“We shape our tools, then our tools shape us”
If we think of technology as “an extension of our own bodies and faculties”, making us capable “to cope with various environments” (McLuhan, 1960), it’s easy to start considering a new technology not as stroke of genius but as an unconscious attempt to solve a problem of adaptation.
In the 19th century, electricity-based technologies built the basis for a transition between mechanical and automated processes. When Telegraph (experimented in 1844 by Samuel Morse) substituted Print as a mass medium, it could be seen as a straight evolution of the old technology. Automation is often seen as a result of a simple exaggeration of mechanics features, like speed or repetition, but this is just a classic example of how a technology can be misunderstood, in particular when it is a new one.
A mechanical process, medium or technology (like Print) is specialized, fragmented and linear.
Automation is just the opposite.
Providing a high level of interrelation and interdependence between all the elements, it is general, involving and discontinuous. It doesn’t require a central authority for its functioning and it promotes complete decentralization. We have re-discovered this concept, “decentralization”, thanks to Blockchain technology and to Fintech economic sector. McLuhan used it with the same meaning in the early sixties of the last century, because he considered it a necessary part of the electric media revolution.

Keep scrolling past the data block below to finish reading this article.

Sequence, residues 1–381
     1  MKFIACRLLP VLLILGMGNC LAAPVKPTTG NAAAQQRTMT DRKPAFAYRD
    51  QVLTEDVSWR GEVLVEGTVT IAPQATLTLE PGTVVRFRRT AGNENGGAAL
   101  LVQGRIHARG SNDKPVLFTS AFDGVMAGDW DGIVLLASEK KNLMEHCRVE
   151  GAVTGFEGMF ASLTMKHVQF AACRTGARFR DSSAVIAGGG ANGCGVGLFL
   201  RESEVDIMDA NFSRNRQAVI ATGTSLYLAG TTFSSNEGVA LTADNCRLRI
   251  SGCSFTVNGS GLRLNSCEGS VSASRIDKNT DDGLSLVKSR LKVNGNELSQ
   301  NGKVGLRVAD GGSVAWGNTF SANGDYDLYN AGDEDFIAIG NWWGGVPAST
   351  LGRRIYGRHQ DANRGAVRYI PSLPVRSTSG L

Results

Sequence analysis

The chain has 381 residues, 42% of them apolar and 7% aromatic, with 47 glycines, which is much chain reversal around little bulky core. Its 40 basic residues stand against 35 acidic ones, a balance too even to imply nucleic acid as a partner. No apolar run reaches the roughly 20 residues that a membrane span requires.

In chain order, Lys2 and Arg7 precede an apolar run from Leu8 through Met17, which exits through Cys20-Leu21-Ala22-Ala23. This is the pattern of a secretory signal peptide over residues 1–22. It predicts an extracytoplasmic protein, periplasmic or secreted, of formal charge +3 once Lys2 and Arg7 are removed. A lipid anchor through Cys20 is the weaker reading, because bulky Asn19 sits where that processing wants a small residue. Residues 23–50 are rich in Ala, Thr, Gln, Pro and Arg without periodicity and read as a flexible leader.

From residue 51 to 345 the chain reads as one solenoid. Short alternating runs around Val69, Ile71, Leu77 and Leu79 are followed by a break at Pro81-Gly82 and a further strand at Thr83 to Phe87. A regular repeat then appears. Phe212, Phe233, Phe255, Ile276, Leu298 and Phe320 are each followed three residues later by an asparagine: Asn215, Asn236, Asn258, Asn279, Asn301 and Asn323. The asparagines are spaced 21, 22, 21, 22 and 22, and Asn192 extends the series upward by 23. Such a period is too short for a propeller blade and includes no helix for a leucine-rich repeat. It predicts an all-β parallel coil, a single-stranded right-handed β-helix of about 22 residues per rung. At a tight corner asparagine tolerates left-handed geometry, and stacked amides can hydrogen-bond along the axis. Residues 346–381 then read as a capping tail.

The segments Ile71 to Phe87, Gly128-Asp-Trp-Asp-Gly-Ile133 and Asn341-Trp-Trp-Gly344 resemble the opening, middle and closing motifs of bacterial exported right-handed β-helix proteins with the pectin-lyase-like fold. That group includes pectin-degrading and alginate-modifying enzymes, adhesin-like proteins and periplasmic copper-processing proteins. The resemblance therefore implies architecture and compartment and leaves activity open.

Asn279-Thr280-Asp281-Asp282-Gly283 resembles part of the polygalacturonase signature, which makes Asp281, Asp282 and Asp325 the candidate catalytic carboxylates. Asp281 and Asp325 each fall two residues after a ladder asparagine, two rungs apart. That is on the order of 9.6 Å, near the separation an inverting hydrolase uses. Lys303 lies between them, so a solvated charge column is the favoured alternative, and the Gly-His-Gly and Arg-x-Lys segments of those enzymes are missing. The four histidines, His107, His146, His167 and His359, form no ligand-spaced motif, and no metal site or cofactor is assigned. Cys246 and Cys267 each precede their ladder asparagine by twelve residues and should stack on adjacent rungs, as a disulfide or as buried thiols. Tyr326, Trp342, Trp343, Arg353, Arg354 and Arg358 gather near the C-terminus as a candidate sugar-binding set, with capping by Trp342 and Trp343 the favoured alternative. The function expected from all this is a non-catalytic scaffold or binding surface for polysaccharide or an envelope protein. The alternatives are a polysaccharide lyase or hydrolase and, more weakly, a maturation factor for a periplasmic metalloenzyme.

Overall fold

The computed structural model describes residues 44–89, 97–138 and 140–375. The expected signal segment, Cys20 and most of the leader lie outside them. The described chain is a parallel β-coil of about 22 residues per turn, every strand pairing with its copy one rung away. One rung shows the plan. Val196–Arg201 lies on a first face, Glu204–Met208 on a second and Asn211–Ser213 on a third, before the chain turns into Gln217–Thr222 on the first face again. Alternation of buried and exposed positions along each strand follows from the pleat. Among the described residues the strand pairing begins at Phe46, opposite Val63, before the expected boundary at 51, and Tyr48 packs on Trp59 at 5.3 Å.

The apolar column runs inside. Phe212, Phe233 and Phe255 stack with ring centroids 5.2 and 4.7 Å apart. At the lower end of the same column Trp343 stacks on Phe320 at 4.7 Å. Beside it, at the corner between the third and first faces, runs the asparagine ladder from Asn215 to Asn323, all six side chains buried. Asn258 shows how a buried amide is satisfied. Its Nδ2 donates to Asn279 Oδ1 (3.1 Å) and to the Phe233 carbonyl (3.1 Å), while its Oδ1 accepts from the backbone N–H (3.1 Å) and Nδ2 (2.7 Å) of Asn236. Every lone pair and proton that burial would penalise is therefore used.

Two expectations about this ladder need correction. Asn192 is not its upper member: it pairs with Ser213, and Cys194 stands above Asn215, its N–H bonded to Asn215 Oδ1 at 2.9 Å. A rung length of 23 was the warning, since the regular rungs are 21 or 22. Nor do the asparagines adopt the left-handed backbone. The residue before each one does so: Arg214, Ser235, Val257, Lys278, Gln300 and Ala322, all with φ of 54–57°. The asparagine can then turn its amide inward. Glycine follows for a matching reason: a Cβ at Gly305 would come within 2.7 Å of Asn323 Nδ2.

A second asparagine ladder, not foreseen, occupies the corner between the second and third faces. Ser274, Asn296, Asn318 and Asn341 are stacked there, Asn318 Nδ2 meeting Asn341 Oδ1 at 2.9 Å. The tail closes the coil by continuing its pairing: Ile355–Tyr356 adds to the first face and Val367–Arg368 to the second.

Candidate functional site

Since electric media appeared, men lost an authority to rely on and suddenly became nomadic gatherers of information. This happened because products became services. At the speed of light, even money became pure information. It’s not by chance that the term “Credit card” first appeared in a 1887 science fiction novel by English prolific writer Edward Bellamy. That was the period of maximum diffusion of telegraph, the first electric medium that allowed instant communication. Before that, money had never lost its materiality.
So, automation is a process started more than a century ago.
Today we clearly see the effects of automation because speed makes the patterns much more understandable, just likes cinema is able to build a story by accelerating single frames. If we make an effort, today we can also highlight the reverse effects of automation, the ones that appear when the diffusion of a medium is pushed to the limit.
Automation frees the human beings from specialized works. What is left for men is a role in their tribal society: involving, general and non linear.
Let’s think about robo-advisory, a Fintech well known tendency. A computerized process gathers a huge bunch of interrelated and interdependent information and, avoiding conflicts of interests, provides a recommendation. In such a process, some people are freed from a highly complex, specialized analysis, while other people are driven to a “do it yourself”, decentralized activity.
When we ask ourselves: “Do automation cancel jobs?”, we only make clear our mechanic, standard, linear way of thinking that we acquired from the mechanical age, that is gone forever (for what we know). In the age of automation there are no jobs, only roles.
Because “…the social and educational patterns latent in automation are those of self-employment and artistic autonomy” (M. McLuhan, Understanding media, 1964).
(visions are my own)